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Volume 14, Number 4
Monday, January 27, 2014
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JANUARY IS NATIONAL GLAUCOMA AWARENESS MONTH




In this issue: (click heading to view article)
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######### Determining Progression of VF Loss by Baseline Thickness of Macular Ganglion Cell Complex

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######### Refractive Changes Following Pharmacologic Resolution of DME

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######### Genetic Polymorphisms of the Prostaglandin F2α Receptor Gene and Response to Latanoprost in Patients with Glaucoma and Ocular Hypertension
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######### Multiple Subretinal Fluid Blebs Following Successful Retinal Detachment Surgery
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Determining Progression of VF Loss by Baseline Thickness of Macular Ganglion Cell Complex

Previous studies reported that the thickness of the macular ganglion cell complex (mGCC) showed good diagnostic ability for detecting glaucoma. However, its impact on the progression of visual field loss in primary open angle glaucoma (POAG) is unknown. In this study, researchers assessed whether baseline mGCC thickness was associated with the progression of visual field loss in POAG. They determined that baseline mGCC thickness can be predictive of progressive visual field loss in patients with POAG.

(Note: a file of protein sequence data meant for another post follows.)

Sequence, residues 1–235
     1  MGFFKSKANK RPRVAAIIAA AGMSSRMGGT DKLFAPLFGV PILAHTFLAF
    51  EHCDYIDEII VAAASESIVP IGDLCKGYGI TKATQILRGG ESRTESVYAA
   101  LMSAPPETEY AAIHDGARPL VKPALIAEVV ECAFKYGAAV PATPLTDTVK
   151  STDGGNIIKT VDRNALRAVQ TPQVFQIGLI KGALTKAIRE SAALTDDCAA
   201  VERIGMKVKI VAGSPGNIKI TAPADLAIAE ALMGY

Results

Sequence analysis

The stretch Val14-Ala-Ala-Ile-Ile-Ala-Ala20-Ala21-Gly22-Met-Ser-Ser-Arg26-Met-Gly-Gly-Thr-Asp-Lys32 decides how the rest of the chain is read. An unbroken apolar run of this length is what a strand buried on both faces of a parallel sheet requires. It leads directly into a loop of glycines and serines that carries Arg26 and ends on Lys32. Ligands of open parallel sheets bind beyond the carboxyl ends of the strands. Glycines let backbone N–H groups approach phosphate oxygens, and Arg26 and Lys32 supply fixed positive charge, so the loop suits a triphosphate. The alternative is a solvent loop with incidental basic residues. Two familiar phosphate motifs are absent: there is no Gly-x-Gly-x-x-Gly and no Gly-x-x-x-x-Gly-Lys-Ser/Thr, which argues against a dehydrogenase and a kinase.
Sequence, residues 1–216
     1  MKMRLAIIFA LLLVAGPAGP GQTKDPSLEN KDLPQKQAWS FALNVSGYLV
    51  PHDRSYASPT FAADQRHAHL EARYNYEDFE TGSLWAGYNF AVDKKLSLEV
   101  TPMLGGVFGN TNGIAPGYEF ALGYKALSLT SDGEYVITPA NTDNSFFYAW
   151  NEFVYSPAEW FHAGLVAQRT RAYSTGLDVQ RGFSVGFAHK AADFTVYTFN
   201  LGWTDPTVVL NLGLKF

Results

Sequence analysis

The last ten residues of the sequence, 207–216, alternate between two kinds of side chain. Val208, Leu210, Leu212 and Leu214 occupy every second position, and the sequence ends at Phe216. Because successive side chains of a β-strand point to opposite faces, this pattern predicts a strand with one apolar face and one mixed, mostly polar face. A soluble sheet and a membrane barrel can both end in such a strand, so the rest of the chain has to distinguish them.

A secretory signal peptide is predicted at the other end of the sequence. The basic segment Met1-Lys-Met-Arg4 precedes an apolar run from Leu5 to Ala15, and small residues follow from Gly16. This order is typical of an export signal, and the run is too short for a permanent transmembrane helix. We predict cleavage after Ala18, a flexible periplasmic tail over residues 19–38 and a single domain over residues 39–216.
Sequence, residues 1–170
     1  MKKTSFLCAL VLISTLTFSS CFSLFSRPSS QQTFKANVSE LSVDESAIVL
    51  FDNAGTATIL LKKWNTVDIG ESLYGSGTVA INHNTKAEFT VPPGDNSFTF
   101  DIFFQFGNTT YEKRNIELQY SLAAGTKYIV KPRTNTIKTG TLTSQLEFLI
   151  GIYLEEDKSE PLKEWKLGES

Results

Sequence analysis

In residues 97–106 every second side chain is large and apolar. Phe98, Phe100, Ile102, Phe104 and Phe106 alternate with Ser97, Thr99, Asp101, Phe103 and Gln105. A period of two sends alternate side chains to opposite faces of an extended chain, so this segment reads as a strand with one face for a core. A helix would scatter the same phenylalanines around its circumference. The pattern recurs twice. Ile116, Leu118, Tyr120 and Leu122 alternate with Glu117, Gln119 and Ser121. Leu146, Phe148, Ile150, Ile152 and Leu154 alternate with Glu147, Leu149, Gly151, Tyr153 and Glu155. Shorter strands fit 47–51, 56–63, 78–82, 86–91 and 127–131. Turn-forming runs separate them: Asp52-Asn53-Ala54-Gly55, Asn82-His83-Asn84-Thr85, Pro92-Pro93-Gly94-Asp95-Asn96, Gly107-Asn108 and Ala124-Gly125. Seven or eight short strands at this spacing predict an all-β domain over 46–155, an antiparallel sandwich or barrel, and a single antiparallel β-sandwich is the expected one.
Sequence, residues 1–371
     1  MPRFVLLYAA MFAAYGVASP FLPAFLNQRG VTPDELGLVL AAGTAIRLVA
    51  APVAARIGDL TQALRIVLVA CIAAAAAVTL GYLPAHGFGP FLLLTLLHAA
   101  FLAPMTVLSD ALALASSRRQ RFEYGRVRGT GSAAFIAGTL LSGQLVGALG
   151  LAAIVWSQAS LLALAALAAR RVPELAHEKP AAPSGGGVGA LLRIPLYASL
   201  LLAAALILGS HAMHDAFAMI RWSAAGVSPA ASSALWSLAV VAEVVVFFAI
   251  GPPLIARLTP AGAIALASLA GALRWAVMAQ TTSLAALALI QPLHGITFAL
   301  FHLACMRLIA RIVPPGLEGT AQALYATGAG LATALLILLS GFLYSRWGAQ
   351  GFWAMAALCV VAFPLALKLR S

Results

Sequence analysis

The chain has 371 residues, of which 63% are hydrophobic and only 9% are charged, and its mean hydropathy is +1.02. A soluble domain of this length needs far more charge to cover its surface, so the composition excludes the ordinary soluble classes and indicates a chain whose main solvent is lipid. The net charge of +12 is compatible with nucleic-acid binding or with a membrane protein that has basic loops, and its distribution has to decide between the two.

They included 56 patients with POAG in the study, all of whom were followed for more than two years after baseline optical coherence tomography (OCT) measurements. They had at least five reliable Humphrey visual field tests with 30–2 Swedish Interactive Threshold Algorithm standard tests during the follow-up period. The researchers divided subjects into two groups according to the slope of the mean deviation (MD): the fast progression group (MD slope < –0.4 dB/y) and the slow progression group (MD slope ≥ –0.4 dB/y). Factors compared between the groups were as follows: age, baseline intraocular pressure (IOP), mean IOP during the follow-up, refraction, baseline MD, pattern standard deviation (PSD), and baseline OCT measurements.

The study researchers found no significant differences between the two groups in age, baseline IOP, mean IOP during the follow-up, refraction, baseline MD or PSD, average thickness of retinal nerve fiber layer (RNFL), or disc parameters. However, they did note that the baseline mGCC thickness (average and inferior hemifield) was significantly thinner in the fast progression group than in the slow progression group (74.0 ± 7.2 µm vs. 80.3  ± 8.6 µm; 68.0  ± 6.6 µm vs. 78.2  ± 11.6 µm, respectively). Moreover, global loss volume and focal loss volume, which are parameters of mGCC, showed significantly higher rates in the fast progression group than in the slow progression group. In multivariate analysis, only mGCC thickness of the inferior hemifield was associated with disease progression (p=0.007).